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FSA’s blueprint is firm foundation for future

The FSA’s discussion paper on the RDR has received much deserved attention on these pages but its younger and far prettier sister, the discussion paper on platforms, is in danger of being neglected.

This would be a shame because the paper contains some excellent insights into this new and rapidly growing sector. In our view, it sets out a good blueprint for the platform market’s continued development and expansion, whatever the shape of the wider industry reforms.

Odd, you might suspect, for someone like us to praise a paper from the FSA. However, there are good reasons for our support. First and foremost, the paper attempts to put the consumer at the heart of the debate about the future of platforms. We know that platforms bring great benefits for advisers but let us not take our eye off the client’s interests.

Second, the paper recognises – and tacitly condones – different pricing models. This is an obvious consequence of putting the consumer at the centre of future development. Rather than taking a prescriptive approach to pricing, the FSA quite rightly proposes that the emphasis be put on transparency. Ending the practice of scattering the different components of pricing across consumer documentation is a welcome step forward.

My third reason for heaping praise on the FSA is its focus on adviser competency. Given the increased importance of platforms to the mutual fund industry, it is only right that advisers and potentially new providers do their due diligence, a point acknowledged by the regulator in this paper.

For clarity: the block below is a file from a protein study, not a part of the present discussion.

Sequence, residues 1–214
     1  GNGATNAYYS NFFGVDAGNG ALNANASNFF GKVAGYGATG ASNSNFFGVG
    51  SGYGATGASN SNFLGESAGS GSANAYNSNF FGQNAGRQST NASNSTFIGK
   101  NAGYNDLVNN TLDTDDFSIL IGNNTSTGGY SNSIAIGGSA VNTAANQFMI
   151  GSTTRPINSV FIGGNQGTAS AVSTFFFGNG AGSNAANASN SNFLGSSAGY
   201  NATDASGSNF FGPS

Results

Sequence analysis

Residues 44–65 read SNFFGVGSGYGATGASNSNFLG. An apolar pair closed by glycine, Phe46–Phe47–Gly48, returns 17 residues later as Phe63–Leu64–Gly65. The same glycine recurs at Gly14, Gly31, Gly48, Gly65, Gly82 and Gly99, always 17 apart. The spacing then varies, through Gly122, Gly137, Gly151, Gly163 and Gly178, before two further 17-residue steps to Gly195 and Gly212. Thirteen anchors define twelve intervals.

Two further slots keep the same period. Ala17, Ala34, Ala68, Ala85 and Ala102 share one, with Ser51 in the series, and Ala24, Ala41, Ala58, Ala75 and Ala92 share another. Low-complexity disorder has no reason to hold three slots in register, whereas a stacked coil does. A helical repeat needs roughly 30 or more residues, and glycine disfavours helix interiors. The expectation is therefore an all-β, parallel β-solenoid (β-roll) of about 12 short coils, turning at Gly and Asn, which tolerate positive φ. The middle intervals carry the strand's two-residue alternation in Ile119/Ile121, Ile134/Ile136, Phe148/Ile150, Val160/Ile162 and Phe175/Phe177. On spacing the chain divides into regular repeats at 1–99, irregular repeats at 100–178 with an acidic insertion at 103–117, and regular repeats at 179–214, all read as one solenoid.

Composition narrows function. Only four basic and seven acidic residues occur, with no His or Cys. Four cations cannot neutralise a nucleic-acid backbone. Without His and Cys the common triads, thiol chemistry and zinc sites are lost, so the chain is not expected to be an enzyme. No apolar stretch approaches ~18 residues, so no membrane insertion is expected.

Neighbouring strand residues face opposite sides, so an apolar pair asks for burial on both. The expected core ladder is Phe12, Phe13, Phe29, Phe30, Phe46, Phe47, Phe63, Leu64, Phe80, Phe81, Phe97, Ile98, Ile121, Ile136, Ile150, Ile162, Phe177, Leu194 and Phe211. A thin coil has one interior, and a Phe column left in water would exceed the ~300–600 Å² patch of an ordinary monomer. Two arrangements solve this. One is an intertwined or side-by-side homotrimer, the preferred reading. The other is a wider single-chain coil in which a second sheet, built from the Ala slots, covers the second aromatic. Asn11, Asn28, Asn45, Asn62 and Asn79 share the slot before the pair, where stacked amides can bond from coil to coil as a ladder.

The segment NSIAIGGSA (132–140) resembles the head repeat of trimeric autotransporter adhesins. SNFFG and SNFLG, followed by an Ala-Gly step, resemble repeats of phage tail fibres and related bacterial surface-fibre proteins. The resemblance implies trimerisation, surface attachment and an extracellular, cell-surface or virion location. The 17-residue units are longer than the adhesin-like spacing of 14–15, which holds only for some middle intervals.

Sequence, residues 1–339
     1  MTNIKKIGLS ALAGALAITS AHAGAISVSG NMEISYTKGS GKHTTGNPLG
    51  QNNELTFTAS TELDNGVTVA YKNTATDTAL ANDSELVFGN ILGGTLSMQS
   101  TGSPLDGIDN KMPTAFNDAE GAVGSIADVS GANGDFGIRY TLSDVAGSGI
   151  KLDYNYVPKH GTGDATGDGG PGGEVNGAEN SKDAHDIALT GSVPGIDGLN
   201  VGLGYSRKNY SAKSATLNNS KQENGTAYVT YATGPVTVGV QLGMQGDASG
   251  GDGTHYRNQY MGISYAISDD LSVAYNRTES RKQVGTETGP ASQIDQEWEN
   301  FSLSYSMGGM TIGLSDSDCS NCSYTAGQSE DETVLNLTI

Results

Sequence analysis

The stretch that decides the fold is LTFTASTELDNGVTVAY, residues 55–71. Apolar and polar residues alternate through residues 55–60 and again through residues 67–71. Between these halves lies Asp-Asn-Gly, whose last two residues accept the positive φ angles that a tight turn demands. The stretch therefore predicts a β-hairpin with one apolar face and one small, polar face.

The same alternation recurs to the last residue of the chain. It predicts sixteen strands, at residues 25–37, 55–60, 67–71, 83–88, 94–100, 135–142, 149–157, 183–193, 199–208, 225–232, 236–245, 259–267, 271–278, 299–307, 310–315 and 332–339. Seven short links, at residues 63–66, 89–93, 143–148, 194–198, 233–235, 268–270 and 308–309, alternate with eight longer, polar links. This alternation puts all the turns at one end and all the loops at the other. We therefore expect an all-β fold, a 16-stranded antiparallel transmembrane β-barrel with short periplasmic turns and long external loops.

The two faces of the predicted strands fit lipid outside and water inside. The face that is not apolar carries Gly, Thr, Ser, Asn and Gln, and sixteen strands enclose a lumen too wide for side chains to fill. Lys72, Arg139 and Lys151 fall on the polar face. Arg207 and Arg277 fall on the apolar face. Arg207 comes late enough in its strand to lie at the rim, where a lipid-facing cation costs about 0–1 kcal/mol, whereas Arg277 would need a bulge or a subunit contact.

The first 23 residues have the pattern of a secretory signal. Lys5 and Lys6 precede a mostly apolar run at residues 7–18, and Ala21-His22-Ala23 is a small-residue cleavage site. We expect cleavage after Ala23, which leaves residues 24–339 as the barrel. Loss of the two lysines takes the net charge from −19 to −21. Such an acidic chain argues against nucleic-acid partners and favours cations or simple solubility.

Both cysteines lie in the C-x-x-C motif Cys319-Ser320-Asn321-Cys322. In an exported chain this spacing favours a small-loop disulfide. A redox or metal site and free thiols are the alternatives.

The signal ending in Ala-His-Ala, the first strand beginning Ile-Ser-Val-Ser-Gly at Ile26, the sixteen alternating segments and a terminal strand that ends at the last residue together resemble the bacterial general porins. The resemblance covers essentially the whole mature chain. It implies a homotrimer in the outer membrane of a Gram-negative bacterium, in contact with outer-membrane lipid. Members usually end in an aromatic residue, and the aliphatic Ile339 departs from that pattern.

We would suggest that the FSA takes an even closer look at capital resource and operational resilience when sanctioning new resources.

It is also encouraging to see the FSA take this opportunity to dispel a few myths, not least the fallacy of the 20 per cent rule, which states that IFAs cannot place more than 20 per cent of their business with a single provider. This has been mistakenly interpreted by some advisers as a bar to using a single platform for most or even all their business and so limiting the benefits that platforms can bring to a firm. A platform is not a provider – it is a service.

Fifth – and perhaps most newsworthy of the paper’s proposals – is the FSA’s stance on platform to platform re-registration. Some advisers have complained, with some moral justification, that it is difficult to carry out off-platform re-registration. The regulator has brought a strong dose of common sense to a debate that has often generated more heat than light.

The FSA is clearly right to emphasise the importance of clients. Movement of legacy assets must be in their interests. But the watchdog cuts to the core of this debate in identifying the complexities, in particular how fund managers have technical limitations on the transfer of units.

As FundsNetwork has said for some time, the entire industry needs to collaborate to establish standards and processes.

Last, but by no means least, the paper issues a direct challenge to those platforms that issue shares to advisers who use their services. This is fertile ground for conflicts of interest. We are encouraged that the FSA is aware of the potential conflicts that could arise here.

Like much else in the paper, it is evidence that the regulator has grasped the importance of fund platforms and acknowledged that they have a vital role to play in any wider industry reforms.

Rob Fisher is head of sales and marketing at Fidelity FundsNetwork


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